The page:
Notes: i) The y-axis represents the percentage of students who got questions correct on the phone, and the x-axis represents the percentage of students who got questions correct in person. ii) The 45 degree dotted line signifies that the overall performance on a given question is the same in both modes. iii) The red line represents the line of fit.
In all four graphs, the line of fit is very close to the 45 degree line. Put simply, performance on a given item is similar whether tested on the phone or in person. We also found that a given student performs similarly over the phone and in person, with a caveat that we found measurement errors in both modes. These results suggest that both modes are helpful when averaged across many students, but they can have a small margin of error for any individual student.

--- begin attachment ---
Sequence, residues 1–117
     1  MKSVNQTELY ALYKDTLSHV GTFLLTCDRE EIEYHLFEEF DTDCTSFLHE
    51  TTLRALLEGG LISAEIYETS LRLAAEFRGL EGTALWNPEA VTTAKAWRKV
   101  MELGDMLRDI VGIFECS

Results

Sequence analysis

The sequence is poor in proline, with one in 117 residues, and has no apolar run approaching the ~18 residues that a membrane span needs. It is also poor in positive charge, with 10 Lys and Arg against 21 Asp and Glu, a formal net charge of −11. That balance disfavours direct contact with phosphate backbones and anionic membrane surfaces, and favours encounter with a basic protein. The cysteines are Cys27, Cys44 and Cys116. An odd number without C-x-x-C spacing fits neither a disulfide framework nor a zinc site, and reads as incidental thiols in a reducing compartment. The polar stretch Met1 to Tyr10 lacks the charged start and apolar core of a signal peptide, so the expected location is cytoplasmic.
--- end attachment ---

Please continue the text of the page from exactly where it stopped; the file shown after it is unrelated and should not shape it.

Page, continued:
Effectively scaling phone-based assessments
This study shows promise, and the next step should be to evaluate whether governments can effectively integrate phone-based assessments as well. However, two concerns from this study should be tested when scaling and integrating.
First, our sample of students was more urban than the actual student population in these blocks. Our non-profit partner Rocket Learning provided us with the phone numbers of students, and at the time it mainly served urban students in the two districts. Governments can address this issue by mandating all schools to securely provide parents' phone numbers and store them in a repository.